Farm Equipment Evolving in China

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Farm Equipment Evolving in China
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China’s agricultural machinery sector is likely to see big improvements in oils for tractors and harvesters thanks to the nation’s determination to expedite the modernization of the farming industry, Afton engineer Niu Qiang said at a salon-style meeting earlier this month.

“The Chinese agriculture industry is adopting more modern, powerful tractors and harvesters to retire the outdated ones,” Niu said on July 18 at the two-day event held in Chengdu by the Xi’an-based consulting firm Muchengyou. “The move is in line with China’s policy push, and it caused drastic changes in the oil supply market as well.”

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China has been pushing farming machinery modernization since 2018 with a central government document updated annually. For example, it called in 2018 for China’s machinery makers develop equipment for bulk crops to gradually edge out foreign rivals. In 2021, it required equipment makers to continue to improve research and development capabilities, especially in such areas as smart equipment and equipment used in hilly areas. In 2022, subsidies were used to encourage Chinese farmers to buy more Chinese-made equipment.

As a result, China saw some big domestic original equipment manufacturers emerging in recent years. The top three tractor makers by market share in the first half of 2020 were all state-owned Chinese companies – YTO Group, Weichai Group (Lovol) and Dongfeng Motor, according to the Shenzhen-based consulting firm ASKCI. For harvesters, Lovol, a private company called World Group, and the Japanese maker Kuboda were the top three players in China.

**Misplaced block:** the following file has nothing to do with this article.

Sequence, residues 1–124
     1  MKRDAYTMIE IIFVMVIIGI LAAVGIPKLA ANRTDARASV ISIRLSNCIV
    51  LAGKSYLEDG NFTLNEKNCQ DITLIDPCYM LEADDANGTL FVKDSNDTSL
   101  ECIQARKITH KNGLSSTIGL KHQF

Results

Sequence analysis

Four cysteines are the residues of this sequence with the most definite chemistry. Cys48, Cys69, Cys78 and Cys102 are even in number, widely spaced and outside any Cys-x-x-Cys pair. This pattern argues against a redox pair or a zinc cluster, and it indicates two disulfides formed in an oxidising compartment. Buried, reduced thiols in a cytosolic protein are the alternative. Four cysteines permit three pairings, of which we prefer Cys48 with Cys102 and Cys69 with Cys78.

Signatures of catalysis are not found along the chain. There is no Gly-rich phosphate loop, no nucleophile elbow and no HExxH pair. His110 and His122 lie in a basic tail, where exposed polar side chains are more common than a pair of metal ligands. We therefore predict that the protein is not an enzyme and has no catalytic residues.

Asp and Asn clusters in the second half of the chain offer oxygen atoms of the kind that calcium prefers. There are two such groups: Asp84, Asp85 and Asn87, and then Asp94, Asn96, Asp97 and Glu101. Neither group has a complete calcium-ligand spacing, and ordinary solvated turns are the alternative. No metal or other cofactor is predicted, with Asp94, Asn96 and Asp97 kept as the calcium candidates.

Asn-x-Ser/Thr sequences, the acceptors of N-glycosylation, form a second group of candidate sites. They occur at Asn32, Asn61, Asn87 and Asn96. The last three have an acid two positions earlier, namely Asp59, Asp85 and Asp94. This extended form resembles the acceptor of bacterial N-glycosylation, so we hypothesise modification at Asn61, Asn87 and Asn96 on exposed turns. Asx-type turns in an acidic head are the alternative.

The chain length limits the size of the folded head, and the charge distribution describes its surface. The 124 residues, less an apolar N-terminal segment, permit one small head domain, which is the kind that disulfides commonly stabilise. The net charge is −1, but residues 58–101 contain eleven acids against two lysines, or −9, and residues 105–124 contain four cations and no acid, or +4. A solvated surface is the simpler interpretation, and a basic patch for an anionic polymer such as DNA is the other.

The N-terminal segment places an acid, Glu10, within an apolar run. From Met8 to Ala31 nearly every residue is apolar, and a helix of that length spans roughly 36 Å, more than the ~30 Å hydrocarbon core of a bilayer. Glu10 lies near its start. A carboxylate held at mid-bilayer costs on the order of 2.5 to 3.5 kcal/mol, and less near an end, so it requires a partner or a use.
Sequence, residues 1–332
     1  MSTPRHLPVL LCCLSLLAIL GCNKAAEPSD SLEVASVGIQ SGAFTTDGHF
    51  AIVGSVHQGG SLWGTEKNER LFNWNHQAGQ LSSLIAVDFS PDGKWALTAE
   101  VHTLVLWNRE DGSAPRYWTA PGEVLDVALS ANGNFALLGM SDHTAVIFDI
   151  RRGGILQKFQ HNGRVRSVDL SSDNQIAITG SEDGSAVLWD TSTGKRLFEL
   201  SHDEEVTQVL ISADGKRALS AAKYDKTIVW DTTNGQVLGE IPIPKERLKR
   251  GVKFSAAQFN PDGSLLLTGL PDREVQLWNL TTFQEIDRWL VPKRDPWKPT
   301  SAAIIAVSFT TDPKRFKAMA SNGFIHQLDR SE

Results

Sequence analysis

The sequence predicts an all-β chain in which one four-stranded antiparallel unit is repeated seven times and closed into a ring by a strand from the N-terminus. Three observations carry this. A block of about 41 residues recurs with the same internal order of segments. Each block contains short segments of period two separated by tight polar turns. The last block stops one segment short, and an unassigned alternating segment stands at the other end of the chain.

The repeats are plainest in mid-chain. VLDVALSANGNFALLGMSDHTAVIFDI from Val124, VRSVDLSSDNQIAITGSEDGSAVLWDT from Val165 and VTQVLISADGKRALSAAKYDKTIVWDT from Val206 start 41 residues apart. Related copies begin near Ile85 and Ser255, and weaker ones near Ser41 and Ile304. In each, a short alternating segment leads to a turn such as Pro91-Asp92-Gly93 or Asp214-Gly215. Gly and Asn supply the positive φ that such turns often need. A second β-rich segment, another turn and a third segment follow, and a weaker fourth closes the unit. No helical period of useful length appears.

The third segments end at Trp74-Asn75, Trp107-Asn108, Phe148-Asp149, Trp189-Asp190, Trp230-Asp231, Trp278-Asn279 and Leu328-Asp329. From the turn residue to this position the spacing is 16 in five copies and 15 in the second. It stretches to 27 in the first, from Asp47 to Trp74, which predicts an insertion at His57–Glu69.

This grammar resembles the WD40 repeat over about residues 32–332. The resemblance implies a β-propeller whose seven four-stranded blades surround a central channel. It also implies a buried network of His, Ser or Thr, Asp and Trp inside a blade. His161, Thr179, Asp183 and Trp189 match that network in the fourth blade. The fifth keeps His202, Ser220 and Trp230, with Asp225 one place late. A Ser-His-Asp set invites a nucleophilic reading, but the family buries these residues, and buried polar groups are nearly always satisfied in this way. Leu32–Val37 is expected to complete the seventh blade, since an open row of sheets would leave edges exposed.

“This equipment is powered by a complex hydraulic system and uses a wet brake,” Niu said. “The design was meant to boost power and efficiency, and it also requires professional oils,” known as universal tractor transmission oil (UTTO). The old tractors often seen in Chinese rural areas, he added, use dual-purposed oil N100 and N100D, occasionally even general hydraulic oils.

“N100D is highly competitive in price and there are a number of small oil suppliers in the market,” he said. “However, the oil has a short oil life and does little other than lubrication. It might work OK for small, old-style equipment, but does not cater for large, modernized equipment that requires oils featuring anti-wear, anti-oxidation and has a long life.”

In March 2021, Sinopec’s lube brand Great Wall launched UTTO-R hydraulic oil. According to the company, UTTO-R is compatible with large equipment from all major OEMs and has been tested in some John Deere tractors in Xinjiang and Case IH harvesters in Heilongjiang province with few issues. But Niu said that global OEMs have their own specifications and that oil suppliers could work with additives companies to ensure compliance.

In March 2022, Sinopec published an industry standard for hydraulic system oils used in modern agricultural equipment, aiming to position itself as a leader in the area where it faces competitors, like Tongyi and Copton.